Table of Contents



Women In Submarines

Elaine Donnelly is President of the Center for Military Readiness, an independent public policy organization that specializes in military personnel issues. Her father served on the submarine U.S.S. Menhaden. At her website she had the following article about the insanity of putting women on submarines:


Despite frequent denials that anything is about to change, the Navy is conducting an informal test of female sailors on submarines. A group of 144 female and 218 male ROTC midshipmen, participating in 48-hour, two-night "career orientation and training" trips, are going to sea this summer on five Trident nuclear submarines.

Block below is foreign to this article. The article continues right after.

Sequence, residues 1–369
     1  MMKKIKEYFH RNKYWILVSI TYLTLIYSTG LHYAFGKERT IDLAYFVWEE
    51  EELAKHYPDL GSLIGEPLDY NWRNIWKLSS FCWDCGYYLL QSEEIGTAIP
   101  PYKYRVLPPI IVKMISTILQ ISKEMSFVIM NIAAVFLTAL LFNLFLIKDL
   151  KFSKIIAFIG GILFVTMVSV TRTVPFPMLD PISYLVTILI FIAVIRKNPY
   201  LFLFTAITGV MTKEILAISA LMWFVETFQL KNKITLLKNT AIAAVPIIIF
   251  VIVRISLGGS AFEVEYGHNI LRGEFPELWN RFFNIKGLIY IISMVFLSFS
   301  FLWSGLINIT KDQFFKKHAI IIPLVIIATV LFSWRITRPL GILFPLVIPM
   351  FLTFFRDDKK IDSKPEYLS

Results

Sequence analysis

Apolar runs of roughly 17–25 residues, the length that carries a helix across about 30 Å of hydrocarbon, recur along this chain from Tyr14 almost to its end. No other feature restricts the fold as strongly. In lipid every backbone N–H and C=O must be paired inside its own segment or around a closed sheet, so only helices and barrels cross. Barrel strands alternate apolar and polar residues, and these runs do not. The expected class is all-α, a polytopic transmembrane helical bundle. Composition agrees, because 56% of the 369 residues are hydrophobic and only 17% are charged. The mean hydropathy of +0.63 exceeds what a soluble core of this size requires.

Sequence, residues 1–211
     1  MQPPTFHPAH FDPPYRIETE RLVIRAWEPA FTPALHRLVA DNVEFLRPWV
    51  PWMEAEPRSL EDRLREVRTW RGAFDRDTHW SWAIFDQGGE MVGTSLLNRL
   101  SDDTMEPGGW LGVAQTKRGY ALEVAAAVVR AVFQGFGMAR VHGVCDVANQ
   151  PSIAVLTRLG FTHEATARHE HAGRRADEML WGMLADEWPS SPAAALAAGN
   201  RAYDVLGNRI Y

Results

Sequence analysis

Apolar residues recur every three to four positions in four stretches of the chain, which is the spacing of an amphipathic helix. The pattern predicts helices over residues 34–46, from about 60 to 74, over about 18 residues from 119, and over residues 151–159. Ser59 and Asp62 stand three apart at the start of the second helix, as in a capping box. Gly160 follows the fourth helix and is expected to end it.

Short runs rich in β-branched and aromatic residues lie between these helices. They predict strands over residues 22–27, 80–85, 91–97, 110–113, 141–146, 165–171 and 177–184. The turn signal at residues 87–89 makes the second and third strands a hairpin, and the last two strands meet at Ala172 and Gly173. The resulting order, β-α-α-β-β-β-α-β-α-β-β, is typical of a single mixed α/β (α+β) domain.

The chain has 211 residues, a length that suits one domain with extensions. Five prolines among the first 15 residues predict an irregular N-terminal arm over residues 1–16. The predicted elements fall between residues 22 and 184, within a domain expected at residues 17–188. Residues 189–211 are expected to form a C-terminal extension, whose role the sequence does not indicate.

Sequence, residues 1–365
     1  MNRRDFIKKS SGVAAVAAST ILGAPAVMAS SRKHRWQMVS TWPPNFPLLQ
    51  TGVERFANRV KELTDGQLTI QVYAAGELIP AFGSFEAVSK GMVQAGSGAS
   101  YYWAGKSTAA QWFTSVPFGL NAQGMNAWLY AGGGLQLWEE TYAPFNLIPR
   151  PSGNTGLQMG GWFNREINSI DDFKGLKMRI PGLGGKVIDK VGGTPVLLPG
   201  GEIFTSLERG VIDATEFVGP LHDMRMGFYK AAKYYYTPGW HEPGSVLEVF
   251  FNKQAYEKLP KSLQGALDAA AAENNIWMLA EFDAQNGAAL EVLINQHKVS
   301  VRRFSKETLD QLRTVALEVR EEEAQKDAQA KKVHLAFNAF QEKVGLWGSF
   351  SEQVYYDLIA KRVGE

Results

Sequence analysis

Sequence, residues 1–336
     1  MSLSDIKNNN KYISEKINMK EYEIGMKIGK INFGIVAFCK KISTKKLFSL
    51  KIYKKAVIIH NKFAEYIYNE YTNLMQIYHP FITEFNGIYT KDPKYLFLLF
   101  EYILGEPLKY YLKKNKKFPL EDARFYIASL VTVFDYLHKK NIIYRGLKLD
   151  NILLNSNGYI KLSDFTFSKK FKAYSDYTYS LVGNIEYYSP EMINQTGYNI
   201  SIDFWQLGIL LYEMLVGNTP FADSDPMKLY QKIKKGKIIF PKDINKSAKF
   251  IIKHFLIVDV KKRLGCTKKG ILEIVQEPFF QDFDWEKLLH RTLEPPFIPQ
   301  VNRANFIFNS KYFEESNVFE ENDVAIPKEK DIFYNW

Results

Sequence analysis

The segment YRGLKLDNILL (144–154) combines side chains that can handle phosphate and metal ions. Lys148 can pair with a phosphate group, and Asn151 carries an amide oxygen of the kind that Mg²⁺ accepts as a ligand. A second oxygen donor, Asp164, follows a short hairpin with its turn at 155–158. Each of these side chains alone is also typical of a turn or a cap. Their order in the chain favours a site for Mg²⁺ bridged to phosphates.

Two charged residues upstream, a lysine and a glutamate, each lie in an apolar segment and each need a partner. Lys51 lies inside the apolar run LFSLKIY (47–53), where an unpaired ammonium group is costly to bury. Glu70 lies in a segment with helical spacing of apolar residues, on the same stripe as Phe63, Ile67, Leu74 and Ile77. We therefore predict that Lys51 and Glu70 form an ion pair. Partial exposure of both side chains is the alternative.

The women will sleep in a separate 9-man compartments in the enlisted berthing areas. Each ship captain will determine arrangements for their access to shower and lavatory facilities. A switch sign may be used for periodic access by both sexes, or one of the two heads--50% of the enlisted facilities--will be reserved for the women’s use. If the women enjoy the excursion and disaster does not occur, the experiment will be declared a "success."

Military and individual civilian women have gone on single-day or longer trips on submarines, usually berthed in separate officers’ quarters. Overnight, two-day stays with substantial groups of female midshipmen are something new--and inexplicable.

For many compelling reasons, women have not been assigned to submarines in this country. Norway, Sweden, and soon Australia assign a few women to small submarine crews, but brief coastal deployments are nowhere near as demanding as American requirements. Nevertheless, in a June 3 speech before the Naval Submarine League, Navy Secretary Richard Danzig said that the admirals in attendance should prepare to get in step with the rest of society, lest they be "left behind."